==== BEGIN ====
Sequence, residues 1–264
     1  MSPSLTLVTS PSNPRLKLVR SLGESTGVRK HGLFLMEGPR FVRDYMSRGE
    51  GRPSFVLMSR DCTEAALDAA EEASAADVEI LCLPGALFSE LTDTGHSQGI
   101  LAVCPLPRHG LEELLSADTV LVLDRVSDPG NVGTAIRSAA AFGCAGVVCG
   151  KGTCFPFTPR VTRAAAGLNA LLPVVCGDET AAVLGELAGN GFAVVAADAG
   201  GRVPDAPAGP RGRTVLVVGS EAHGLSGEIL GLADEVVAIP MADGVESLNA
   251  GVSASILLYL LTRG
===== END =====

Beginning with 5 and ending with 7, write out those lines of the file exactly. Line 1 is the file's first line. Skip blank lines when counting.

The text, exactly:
   151  KGTCFPFTPR VTRAAAGLNA LLPVVCGDET AAVLGELAGN GFAVVAADAG
   201  GRVPDAPAGP RGRTVLVVGS EAHGLSGEIL GLADEVVAIP MADGVESLNA
   251  GVSASILLYL LTRG